The guard dog must wear a collar displaying the name and address of its owner. It must also carry an electronic implant containing a permanent identification mark provided by the ISPCA. This implant must be inserted by or under the direct supervision of a veterinary surgeon authorised by the ISPCA. The dog owner is responsible for the cost involved in inserting the implant.
Kennels where more than 5 guard dogs aged over 4 months are kept must register with the local authority. There are specific rules on the keeping of guard dogs: the Control of Dogs Act 1986 (Guard Dog) Regulations 1989.
Rules relating to certain breeds of dog
The Control of Dogs Regulations 1998 impose additional rules in relation to the following breeds (and strains/cross-breeds) of dog:
- American pit bull terrier
- English bull terrier
- Staffordshire bull terrier
- Bull mastiff
- Dobermann pinscher
- German shepherd (Alsatian)
- Rhodesian ridgeback
- Japanese akita
- Japanese tosa
The rules state that these dogs (or strains and crosses of them) must:
- Be kept on a short strong lead by a person over 16 years who is capable of controlling them
- Be muzzled whenever they are in a public place
- Wear a collar bearing the name and address of their owner at all times.
The rules on muzzling and leashing do not apply to dogs used by the Gardaí, the Dublin Harbour Police, State Airport Police and bona fide rescue teams in rescue operations. The rules on muzzling do not apply to guide dogs for the blind.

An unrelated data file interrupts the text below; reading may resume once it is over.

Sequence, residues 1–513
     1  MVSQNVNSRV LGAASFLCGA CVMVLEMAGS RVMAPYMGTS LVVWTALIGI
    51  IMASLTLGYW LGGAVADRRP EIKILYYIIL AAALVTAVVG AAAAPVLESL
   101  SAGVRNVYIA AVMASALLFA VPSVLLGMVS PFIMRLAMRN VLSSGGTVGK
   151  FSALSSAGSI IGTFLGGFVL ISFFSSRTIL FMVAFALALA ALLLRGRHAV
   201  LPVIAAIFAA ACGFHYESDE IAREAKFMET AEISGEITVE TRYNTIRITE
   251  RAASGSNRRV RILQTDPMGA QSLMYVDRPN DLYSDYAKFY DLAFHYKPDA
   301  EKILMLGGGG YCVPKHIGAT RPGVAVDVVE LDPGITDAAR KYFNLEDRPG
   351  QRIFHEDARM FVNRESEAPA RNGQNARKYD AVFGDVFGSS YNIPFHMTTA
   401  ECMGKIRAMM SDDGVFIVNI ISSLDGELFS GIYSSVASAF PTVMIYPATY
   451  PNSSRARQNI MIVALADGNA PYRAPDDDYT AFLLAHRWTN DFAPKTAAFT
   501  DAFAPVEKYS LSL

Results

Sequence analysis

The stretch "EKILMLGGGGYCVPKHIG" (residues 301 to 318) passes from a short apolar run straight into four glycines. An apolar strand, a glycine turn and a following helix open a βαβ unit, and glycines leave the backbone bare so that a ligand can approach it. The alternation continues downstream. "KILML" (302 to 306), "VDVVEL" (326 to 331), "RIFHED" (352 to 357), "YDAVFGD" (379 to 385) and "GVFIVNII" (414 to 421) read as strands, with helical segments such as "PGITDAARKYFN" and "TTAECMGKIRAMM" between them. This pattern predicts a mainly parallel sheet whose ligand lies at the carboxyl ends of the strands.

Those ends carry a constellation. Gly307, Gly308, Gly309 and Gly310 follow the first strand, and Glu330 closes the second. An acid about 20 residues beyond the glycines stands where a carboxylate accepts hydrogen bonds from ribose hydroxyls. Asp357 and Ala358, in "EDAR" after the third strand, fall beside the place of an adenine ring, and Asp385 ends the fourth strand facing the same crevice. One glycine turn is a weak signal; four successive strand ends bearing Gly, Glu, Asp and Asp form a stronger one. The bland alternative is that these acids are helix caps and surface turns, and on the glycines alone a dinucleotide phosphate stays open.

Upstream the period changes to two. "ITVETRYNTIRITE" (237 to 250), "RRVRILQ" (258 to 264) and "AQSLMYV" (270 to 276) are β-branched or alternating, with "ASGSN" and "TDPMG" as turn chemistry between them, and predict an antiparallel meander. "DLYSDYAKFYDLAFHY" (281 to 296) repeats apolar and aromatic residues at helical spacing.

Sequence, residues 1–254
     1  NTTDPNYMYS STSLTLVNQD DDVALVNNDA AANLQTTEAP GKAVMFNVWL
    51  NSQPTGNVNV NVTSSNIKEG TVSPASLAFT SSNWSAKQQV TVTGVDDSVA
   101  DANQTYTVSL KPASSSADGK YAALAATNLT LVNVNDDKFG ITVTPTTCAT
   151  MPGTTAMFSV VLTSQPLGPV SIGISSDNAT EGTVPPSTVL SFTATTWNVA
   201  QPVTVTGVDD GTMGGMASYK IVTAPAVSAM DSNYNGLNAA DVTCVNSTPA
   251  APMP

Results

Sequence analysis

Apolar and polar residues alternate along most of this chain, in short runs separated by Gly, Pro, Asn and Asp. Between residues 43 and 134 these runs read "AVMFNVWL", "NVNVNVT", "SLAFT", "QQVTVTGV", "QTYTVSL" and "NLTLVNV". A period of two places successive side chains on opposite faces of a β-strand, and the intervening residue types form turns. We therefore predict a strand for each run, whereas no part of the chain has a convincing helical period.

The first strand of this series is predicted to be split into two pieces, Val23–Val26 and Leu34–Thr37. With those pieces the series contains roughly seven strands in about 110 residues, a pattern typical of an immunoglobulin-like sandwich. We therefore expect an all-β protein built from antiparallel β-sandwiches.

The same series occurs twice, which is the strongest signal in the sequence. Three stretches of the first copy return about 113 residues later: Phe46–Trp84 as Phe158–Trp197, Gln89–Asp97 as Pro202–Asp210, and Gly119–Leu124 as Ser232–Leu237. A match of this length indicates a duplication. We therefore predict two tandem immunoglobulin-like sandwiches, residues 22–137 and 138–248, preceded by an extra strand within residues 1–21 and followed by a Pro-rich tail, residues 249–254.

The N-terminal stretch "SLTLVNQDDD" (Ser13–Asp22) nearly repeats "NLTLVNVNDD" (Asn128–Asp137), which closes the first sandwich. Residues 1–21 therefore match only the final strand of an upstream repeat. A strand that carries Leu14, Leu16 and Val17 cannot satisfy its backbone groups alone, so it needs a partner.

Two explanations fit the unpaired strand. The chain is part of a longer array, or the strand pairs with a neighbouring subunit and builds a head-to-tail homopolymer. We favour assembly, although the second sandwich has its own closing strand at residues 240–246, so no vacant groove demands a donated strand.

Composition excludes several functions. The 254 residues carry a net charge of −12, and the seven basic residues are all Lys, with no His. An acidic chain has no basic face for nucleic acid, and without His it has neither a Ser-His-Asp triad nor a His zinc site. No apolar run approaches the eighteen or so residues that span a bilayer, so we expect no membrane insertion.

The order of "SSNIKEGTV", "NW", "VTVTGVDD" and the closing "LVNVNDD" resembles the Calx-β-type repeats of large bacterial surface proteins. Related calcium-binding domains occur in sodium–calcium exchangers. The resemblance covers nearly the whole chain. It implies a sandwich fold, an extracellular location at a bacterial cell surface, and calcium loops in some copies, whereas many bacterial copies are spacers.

Local authorities have the power to introduce bye-laws relating to dog control. You should be aware that the penalties listed below are a guide; fines in your area may be higher.
|No dog licence||On-the-spot fine: €100 payable to your local authority||Failure to pay on-the-spot fines can lead to prosecution in District Court with a maximum fine of €2,500 and/or 3 months' imprisonment|
|No identification on dog||On-the-spot fine: €100 payable to your local authority||Failure to pay on-the-spot fines can lead to prosecution in District Court with a maximum fine of €2,500 and/or 3 months' imprisonment|
|Stray dog||Dog pound re-claim fee of €20. Charge of €8 for every night dog is in pound.||The pound will hold a dog for at least 5 days. Dogs not re-claimed from the dog pound within 5 days may be put down, rehomed or transferred to an animal welfare group.|
|Dog not kept under control||On-the-spot fine of €100 payable to your local authority||Failure to pay on-the-spot fines can lead to prosecution in District Court with a maximum fine of €2,500 and/or 3 months' imprisonment|
|Breach of bye-laws (setting out times when dog may be unleashed in public)||Fines up to €2,500 on conviction.|
|Dog fouling public place||Owners/handlers who do not dispose of dog faeces in a responsible manner may receive an on-the-spot fine of €150.||Failure to pay on-the-spot fines can lead to prosecution in District Court with a maximum fine of €3,000 and €600 per day for continuing offences on summary conviction|
Where to apply
For a dog licence
You can apply online for a 1-year or lifetime licence at licences.ie.
You can also get a dog licence at your local post office.
For a general dog licence, contact your local authority.
To microchip and register your dog
Contact your vet or else one of the authorised databases.
For further information and support: